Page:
Queer eye for fashion

Arts and Culture
February 13, 2020
This article was published more than 2 years ago.
Est. Reading Time: 4 minutes
Photos C/O Katie Cui

By Anonymous, Contributor

The idea of femininity is one that, for a long time, upset me. I remember distinctly hating to wear the dresses my family bought me. I didn’t want to be exposed. I didn’t want to perpetuate the notion of what a woman should be within society. I didn’t want to feel objectified by men, I didn’t want to be regarded as “weak”, “fragile” or “sensitive”. However, that didn’t mean I didn’t want to be noticed by men. I was “straight”, so I assumed that, as a woman, I wanted attention from men. 

There have been countless times when I’ve been told by my family: “Dress nicely so that boys will notice you.” Sometimes I would cave, and I would receive the standard compliments that one would receive from a heterosexual male: “You look hot/ nice/ pretty/ beautiful.” Other times, I’d find my strength in going against the world’s expectations, and put on a suit instead. I did not receive any typical compliments, but seeing men gaze at me in half jealousy and half admiration was good enough. Afterall, I looked hot and powerful.  

Boys, I wanted you to notice me—but I also wanted to be noticed for who I am, not for conforming to societal expectations of what a woman should wear. 

A jacket on a red background.

In grade 10, I started to wear snapbacks. In grade 11, I started to wear muscle shirts. In grade 12, I started wearing suits and called myself heteroflexible. In my first year of university, I began to wear men’s t-shirts and men’s joggers. In second year, I made it a habit to check out the women’s section and the men’s section in clothing stores. I went from calling myself heteroflexible throughout my high school years, to declaring myself as bisexual in university. 

Fashion, sexuality and gender expression have always been a messy knot in my brain. I frequently dress like someone who, if you took one look at me, you’d know I am not straight. Maybe you could even infer that I’m bi. 

You’re told not to judge a book by its cover. But what if I want you to?  

Symbolic interactionism describes how our world is made of symbols which convey meaning to the people we interact with. Fashion is the pinnacle of my interaction with the world.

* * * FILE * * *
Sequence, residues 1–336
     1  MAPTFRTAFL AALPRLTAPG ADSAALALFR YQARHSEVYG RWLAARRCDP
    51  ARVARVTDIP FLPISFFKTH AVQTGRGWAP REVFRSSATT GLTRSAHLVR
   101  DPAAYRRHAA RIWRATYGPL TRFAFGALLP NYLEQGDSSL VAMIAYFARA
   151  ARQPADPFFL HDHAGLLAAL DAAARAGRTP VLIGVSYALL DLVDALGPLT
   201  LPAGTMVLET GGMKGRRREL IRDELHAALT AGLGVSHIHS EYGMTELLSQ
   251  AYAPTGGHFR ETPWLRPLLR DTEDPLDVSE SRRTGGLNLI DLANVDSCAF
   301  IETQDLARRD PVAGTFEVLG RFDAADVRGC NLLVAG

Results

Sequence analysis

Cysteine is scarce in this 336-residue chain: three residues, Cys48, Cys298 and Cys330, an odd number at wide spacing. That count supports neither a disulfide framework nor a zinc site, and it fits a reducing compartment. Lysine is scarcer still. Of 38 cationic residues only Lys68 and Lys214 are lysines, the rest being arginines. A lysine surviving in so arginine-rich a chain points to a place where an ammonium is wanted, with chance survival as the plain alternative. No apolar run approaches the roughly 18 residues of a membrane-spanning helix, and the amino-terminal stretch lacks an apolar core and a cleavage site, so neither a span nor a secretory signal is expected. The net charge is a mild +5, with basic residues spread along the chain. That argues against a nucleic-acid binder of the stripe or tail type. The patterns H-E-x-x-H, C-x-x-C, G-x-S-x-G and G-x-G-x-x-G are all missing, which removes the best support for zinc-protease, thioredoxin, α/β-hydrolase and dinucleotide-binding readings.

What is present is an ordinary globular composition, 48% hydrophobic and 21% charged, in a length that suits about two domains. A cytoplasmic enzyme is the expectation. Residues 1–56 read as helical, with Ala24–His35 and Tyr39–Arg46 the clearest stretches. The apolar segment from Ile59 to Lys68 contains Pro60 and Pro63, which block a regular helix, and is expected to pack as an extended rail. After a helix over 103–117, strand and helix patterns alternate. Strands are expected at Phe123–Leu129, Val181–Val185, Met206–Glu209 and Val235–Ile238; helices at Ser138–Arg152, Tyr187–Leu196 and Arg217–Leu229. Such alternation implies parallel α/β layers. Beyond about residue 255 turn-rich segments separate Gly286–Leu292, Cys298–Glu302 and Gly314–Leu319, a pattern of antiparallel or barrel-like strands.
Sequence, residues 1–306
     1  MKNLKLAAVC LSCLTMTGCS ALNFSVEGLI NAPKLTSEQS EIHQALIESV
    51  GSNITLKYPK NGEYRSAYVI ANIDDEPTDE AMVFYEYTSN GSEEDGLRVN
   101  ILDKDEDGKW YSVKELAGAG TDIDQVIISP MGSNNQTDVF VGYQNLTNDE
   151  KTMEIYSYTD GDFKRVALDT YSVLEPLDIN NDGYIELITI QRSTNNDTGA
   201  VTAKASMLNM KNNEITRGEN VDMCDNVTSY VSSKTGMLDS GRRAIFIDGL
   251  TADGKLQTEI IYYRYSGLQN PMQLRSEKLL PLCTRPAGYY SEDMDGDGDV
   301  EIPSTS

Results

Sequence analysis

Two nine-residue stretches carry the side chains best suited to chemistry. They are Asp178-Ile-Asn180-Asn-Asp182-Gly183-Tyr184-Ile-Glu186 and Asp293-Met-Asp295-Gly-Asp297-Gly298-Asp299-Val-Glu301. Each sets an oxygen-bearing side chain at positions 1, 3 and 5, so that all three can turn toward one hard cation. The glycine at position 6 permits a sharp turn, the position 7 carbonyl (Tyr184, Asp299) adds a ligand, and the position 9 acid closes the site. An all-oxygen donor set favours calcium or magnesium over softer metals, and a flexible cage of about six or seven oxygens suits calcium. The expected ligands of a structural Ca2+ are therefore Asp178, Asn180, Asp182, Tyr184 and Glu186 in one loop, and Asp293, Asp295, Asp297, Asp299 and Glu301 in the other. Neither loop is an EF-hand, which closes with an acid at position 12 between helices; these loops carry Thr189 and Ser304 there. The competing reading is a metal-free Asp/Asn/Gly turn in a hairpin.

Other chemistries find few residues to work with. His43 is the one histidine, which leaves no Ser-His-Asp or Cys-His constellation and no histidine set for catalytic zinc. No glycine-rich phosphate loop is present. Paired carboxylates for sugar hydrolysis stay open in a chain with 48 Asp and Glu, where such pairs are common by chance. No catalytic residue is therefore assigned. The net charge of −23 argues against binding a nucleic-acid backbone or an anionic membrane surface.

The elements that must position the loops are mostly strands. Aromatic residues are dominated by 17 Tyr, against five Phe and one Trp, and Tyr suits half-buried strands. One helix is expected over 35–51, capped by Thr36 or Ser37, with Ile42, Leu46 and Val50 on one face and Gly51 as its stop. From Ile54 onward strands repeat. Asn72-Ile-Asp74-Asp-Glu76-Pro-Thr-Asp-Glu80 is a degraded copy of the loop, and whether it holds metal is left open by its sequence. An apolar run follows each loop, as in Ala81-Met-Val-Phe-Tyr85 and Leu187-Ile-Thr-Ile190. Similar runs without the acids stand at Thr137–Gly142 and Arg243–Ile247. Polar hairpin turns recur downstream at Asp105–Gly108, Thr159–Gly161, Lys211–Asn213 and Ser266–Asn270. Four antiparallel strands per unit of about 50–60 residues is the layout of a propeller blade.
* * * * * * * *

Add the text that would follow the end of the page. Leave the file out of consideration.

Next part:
Pants on a red background

Every day, what I choose to wear is a reflection of who I am. Sometimes, I want to go undetected—that’s a day for dark jeans, t-shirts and a sweater. Other times, I want to be noticed—that means wearing a suit or a dress. Other times, I feel incredibly gay and just throw on a Henley, typically a shirt for men, and men’s joggers. 

Our world has always had an invisible hand in how I present myself. I am well attuned to how I dress and how that will draw different kinds of stares and gazes; however, as someone who is interested in both men and women, this has become a habit of practiced expression.

Our world has always had an invisible hand in how I present myself. I am well attuned to how I dress and how that will draw different kinds of stares and gazes; however, as someone who is interested in both men and women, this has become a habit of practiced expression.

I used to feel almost guilty about how I dressed, I never felt feminine enough for those around me. As I grew more comfortable with my sexuality, I realized that I didn’t need to dress to attract men to me. How I dress on a daily basis, with a style between androgynous and masculine, is both more comfortable for me, and the ladies like it. 

I remember dressing to go to a party one night and turning to my friends saying, “I’m going to wear a crop top, because that way people know I’m a little bit of a slut. But I’m going to wear flannel shirt over that because I still want people to know I’m hella gay.” 

Dressing myself is a calculated strategy. I choose my clothing carefully to convey hidden messages. Yet, sometimes I question how whether or not my acceptance of these messages contributes to perpetuating stereotypes around gender and sexuality. Stereotypes can be harmful. Actively assuming details about a person can feel intrusive, belittling and insulting. Yet, I purposely use stereotypes associated with sexuality to communicate with the world. I’ve cut my hair shorter, I wear flannel, I cuff my jeans and I keep my nails short. These are all stereotypically associated with being “bisexual” or “gay”. 

Suspenders on a red background

Stereotypes become harmful when you actively use them to make harmful assumptions. Not every flamboyant man is gay, and you have no right to tell him he is. Not every girl with short hair is a lesbian, you don’t need to tell your friends she is. 

Don’t judge a book by its cover, at least, not actively. 

Yet, when I wear a French tucked t-shirt with a leather jacket with my cuffed ripped black jeans, I am trying to tell the world I am not straight. It’s me telling the world that typical compliments about my general appearance won’t woo me. Maybe compliment my graphic t-shirt with the teenage mutant ninja turtles on it, then I’ll entertain a discussion with you.   

This article is part of our Sex and the Steel City, our annual sex-positive issue. Click here to read more content from the special issue.


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